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Johns Hopkins Ebola Symposium Reveals Faults In Response

Gwendolyn Glenn

The news was good, bad and a bit scary Tuesday at a symposium on the deadly Ebola virus at the Johns Hopkins University School of Public Health.

The good news is that a new vaccine to combat Ebola is set to be tested in the hard hit West African country of Liberia in December. Several other vaccines are being developed around the globe to stop the spread of the virus that spread rapidly in Sierra Leone and Guinea.

The bad news is that infectious disease experts said they’re still a long way from controlling the virus. And the scary news is that the experts said Ebola will never completely disappear, but re-emerge in cycles at different levels of severity in the future even if vaccines prove successful.

The idea that everyone is at risk echoed throughout the conference.

This week, the Centers for Disease Control predicted that at the current rate of infection, there could be as many as 10,000 Ebola cases a week in West Africa by December. So far, more than 8,000 cases have been reported with more than 4,000 deaths. The CDC estimated that for every reported case, two and a half go unreported.

The survival rate for those infected with the virus was running at just over 50 percent. It is now estimated at about 70 percent. The Ebola patients who are cured are immune for life, said Johns Hopkins professor Joshua Michaud. “So, let’s train and use them in fighting the disease.”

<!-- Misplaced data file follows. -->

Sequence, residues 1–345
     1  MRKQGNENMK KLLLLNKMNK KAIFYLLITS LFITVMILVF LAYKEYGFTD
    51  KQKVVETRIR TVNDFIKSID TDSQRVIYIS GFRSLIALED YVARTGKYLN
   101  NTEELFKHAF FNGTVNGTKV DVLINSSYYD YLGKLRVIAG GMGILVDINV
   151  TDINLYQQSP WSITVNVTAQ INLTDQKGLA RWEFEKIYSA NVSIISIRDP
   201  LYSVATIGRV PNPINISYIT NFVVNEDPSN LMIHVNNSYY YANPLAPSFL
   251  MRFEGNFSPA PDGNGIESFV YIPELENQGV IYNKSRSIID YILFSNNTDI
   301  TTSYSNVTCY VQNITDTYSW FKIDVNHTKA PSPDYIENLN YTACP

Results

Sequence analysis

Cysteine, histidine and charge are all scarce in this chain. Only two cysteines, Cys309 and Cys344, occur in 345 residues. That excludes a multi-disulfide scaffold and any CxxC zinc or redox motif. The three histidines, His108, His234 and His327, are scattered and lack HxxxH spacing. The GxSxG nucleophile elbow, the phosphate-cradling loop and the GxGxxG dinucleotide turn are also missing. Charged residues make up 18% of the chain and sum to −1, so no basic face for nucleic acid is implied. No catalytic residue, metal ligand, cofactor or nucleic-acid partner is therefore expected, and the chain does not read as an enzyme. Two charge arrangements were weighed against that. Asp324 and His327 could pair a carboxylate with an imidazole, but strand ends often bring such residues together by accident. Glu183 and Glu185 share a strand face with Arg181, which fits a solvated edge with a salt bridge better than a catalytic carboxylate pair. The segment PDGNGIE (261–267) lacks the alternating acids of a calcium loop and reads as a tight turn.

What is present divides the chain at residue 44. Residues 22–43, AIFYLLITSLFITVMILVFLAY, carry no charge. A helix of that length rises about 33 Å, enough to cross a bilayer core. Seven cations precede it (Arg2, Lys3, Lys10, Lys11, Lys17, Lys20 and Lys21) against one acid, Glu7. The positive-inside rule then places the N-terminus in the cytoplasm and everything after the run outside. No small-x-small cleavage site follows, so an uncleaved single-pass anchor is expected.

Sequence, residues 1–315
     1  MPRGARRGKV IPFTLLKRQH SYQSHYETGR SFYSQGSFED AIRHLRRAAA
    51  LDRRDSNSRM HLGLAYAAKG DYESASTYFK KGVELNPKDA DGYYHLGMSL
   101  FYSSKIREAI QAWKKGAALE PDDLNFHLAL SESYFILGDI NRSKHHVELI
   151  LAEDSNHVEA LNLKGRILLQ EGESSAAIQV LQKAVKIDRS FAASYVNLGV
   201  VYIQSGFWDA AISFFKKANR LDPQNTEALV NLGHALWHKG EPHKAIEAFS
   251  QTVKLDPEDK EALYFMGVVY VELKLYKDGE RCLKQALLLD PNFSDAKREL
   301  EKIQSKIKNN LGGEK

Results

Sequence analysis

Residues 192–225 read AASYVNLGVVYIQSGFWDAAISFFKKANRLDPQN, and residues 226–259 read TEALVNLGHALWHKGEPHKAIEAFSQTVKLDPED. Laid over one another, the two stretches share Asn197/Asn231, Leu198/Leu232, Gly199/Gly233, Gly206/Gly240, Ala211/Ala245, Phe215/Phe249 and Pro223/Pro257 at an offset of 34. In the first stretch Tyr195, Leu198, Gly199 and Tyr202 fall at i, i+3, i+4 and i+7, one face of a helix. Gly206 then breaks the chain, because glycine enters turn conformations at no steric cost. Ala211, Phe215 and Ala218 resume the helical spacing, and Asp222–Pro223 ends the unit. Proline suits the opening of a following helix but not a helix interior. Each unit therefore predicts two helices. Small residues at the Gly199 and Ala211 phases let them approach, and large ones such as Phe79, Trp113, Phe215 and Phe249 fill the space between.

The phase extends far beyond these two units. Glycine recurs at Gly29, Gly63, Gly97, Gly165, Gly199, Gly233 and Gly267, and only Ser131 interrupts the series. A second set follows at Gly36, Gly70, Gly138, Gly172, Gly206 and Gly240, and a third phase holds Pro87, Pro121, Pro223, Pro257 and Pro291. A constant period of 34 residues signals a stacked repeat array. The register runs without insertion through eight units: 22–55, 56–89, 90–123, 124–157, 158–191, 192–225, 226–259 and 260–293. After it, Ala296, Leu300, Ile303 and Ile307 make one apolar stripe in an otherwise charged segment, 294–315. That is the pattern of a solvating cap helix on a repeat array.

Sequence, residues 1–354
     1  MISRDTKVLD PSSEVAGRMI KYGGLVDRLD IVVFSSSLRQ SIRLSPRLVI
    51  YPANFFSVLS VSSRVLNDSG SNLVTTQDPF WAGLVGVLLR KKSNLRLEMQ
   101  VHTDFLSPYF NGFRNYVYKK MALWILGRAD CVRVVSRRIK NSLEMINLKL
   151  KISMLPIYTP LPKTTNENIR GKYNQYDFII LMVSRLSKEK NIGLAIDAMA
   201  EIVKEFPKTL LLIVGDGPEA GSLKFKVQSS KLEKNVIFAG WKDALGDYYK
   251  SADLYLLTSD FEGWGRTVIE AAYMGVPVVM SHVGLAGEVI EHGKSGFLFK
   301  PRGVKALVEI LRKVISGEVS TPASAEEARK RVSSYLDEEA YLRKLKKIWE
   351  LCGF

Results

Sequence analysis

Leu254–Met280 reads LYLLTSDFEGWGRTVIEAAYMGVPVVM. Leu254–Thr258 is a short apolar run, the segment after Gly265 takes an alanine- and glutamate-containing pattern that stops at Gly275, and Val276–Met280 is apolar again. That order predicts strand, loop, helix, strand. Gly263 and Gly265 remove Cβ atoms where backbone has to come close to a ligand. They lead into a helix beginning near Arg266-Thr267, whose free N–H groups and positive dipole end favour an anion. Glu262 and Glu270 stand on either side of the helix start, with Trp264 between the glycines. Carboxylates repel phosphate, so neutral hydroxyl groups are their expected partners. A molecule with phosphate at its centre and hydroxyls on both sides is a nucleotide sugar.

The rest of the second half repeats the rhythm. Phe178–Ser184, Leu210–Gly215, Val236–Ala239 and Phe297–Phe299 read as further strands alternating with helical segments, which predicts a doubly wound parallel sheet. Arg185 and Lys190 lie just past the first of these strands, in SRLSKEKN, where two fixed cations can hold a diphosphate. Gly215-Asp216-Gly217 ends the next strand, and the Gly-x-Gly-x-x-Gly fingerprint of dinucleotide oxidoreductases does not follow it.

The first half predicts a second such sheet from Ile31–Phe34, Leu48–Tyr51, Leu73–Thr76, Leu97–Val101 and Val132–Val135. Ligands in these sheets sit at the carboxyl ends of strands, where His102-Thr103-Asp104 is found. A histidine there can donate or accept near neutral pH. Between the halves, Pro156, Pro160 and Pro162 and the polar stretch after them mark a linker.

But Michael Osterholm, an infectious disease expert at the University of Minnesota, complained that there is no comprehensive global strategy in place to fight the disease. And he argued that one must be developed, as well as several back up plans, because there are so many unknowns associated with the disease that need to be researched. “We got people making pronouncements about what this virus is doing and they don’t know what the hell they’re talking about,” Osterholm said. “We focus too heavily on fever and some people may not have a fever.”

In addition, Osterholm wants research done on the potential for airborne transmissions of the virus. “We can’t say if airborne transmissions can or can’t happen, and it begs the question. We should try to understand that and look into it,” Osterholm said. “I’ve been talking to a number of Ebola virologists who are very concerned about that which makes me concerned about it.”

Johns Hopkins officials say only 50 percent of the nearly $1 billion needed to combat the virus is currently in hand. Also, in some West African hospitals, only 20 percent of health care workers have protective gear to wear when treating patients.